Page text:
2. Meh. The idea that there is some sort of good-cop, bad-cop agreed strategy here is ludicrous. Epstein has been a known entity and publicly advocating for humanism for a long time. And critical of Dawkins et al. IIRC. The only thing going on here is that he’s trying to get a little attention for his view of humanism by labeling it “New Humanism” and contrasting it with the much-better-known “New Atheism” — although, honestly, the term “New Atheism” seems to have dropped off the map in the last year or two, I’ve got probably 100 science-y/religion-y blogs in my reader and Mike’s is the only one where I’ve seen the term used.

    Speaking of history — what happened to Telic Thoughts?

  3. Michael says:

    Meh. The idea that there is some sort of good-cop, bad-cop agreed strategy here is ludicrous.

    Maybe. Maybe not. That’s why I wrote:

    So it would seem the New Humanists have to provide much more clarification. For starters, we can ask them some simple questions. I’ll start with just one:

    Richard Dawkins routinely refers to religious people as “faith-heads.” Is this an example of bigotry?

  4. TFBW says:

    The idea that there is some sort of good-cop, bad-cop agreed strategy here is ludicrous.

    The idea that the two factions are conspiring to play “good cop, bad cop” is not credible. The idea that the New Humanists are opportunistically playing “good cop” to the New Atheists “bad cop” is entirely credible. Michael’s question seems like a good first-pass test for how deep the Humanists’ professed creed of “inclusiveness” runs.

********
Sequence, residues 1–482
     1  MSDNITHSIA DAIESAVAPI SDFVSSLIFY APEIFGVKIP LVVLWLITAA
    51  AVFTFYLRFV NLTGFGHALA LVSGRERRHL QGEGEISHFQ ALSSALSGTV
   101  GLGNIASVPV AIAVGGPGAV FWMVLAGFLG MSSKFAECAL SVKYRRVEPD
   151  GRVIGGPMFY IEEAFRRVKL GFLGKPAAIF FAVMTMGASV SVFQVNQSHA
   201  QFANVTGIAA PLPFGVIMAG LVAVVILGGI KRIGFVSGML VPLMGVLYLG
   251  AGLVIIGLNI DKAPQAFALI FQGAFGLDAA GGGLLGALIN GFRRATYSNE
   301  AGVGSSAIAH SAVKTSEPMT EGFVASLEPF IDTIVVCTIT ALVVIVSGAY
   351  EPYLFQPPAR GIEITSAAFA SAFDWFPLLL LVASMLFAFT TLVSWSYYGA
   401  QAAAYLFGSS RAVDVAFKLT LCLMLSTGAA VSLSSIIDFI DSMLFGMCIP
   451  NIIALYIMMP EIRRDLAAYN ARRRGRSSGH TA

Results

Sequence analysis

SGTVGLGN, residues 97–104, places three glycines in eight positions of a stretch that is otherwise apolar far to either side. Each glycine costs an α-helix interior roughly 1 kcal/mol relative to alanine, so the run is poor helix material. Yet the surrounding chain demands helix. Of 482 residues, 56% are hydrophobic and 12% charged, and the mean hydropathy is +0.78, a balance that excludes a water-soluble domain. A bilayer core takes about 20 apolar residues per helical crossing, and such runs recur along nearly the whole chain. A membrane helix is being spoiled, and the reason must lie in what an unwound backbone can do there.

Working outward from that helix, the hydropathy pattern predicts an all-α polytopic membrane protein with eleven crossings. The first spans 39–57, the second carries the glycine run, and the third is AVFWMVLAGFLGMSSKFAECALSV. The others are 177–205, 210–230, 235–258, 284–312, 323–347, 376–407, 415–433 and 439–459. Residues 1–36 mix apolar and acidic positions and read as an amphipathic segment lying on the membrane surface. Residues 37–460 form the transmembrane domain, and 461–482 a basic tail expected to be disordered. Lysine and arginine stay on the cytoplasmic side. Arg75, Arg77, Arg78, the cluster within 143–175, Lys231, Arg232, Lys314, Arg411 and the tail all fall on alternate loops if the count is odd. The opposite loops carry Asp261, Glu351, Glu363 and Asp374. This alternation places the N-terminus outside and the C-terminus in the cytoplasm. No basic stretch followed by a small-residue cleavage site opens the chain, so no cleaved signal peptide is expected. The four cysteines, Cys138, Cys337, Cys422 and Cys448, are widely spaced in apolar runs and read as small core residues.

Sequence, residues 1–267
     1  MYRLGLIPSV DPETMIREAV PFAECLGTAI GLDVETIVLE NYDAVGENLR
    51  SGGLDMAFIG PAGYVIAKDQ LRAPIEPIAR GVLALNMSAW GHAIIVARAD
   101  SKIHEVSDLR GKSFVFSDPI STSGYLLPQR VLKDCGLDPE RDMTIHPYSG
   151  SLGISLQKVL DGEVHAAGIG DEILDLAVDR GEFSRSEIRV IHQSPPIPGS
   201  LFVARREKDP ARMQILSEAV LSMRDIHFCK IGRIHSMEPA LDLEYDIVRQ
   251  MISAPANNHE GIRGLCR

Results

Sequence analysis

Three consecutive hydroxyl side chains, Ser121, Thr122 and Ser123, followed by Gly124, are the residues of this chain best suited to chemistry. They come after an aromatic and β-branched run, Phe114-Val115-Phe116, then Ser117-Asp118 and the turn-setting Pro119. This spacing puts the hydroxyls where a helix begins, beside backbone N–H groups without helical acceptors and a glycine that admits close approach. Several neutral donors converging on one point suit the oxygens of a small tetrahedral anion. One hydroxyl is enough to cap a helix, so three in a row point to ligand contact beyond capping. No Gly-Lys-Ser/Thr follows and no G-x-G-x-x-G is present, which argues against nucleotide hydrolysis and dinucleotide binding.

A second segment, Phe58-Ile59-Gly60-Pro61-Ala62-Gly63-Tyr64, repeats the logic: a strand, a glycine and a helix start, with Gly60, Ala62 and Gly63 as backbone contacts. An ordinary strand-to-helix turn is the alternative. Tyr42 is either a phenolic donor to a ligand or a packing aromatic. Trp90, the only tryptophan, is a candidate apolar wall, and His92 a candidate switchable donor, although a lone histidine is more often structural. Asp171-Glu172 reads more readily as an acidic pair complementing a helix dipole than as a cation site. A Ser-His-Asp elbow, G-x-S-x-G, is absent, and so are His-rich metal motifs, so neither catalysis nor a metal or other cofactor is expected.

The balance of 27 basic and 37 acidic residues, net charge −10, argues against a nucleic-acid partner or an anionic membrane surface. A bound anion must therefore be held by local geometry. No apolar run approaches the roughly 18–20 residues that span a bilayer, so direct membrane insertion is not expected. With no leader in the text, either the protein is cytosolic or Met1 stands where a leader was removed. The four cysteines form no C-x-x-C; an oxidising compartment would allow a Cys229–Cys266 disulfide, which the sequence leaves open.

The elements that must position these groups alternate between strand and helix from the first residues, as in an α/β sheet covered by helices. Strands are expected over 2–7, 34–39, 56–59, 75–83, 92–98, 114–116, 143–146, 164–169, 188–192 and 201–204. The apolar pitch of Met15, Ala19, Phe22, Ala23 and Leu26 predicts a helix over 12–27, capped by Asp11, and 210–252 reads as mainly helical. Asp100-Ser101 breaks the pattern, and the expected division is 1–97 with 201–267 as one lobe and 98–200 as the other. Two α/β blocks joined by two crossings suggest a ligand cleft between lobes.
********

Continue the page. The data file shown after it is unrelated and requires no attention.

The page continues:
5. Crude says:

    We are Humanists because for us, Humanism is part of being the best, most honest, most thoughtful human beings we are capable of being.

    I don’t really have much to add to the current conversation, other than to point out that this is some exceptionally twerpy quote. Even the most self-righteous religious tend to talk about honesty and virtue as things they strive to be or live up to as standards. They don’t say describe themselves as being ‘the best, most honest, most thoughtful human beings we are capable of being’. To say nothing of how extraordinarily difficult it would be to justify humanism as an essential component to that anyway.

  6. “Richard Dawkins routinely refers to religious people as “faith-heads.” Is this an example of bigotry?”

    The behavior you describe is bigotry (whether or not Dawkins applies it to all religious people and does it routinely, I don’t know). But you won’t accomplish anything by asking the question in a random blog. Email him.

  7. Crude says:

    What will emailing him accomplish? We’re dealing with someone who presents themselves as a leader and representative of the humanist community. Privately, in an email, distancing himself from Dawkins’ words wouldn’t accomplish much of anything.

    Dawkins has been on record, encouraging his cultists to belittle, attack and degrade religious believers, to scare people out of religious beliefs because ‘no one likes to be the butt of contempt’. That’s not just bigotry, that’s hate. Can you point to the humanist who calls Dawkins out on that and condemns it? Or are we going to pretend that, gosh, maybe they just don’t know he’s done such things – rather like how it took a very, very long time for atheists and humanists to have anything public to say about Dawkins’ religious upbringing/child abuse claims, and even then they cut and ran the moment they thought he kinda-sorta made an apology, even after he straightaway said he didn’t apologize?

  8. cl says:

    Well for me it’s pretty easy. Anybody who says,

    To the extent that writers such as Richard Dawkins and Sam Harris have taken a national and international lead in discussing such questions boldly, they should be regarded as heroes.

    …is kooky. That simple. Being an obnoxious, rhetoric-filled loudmouth is in no way heroic.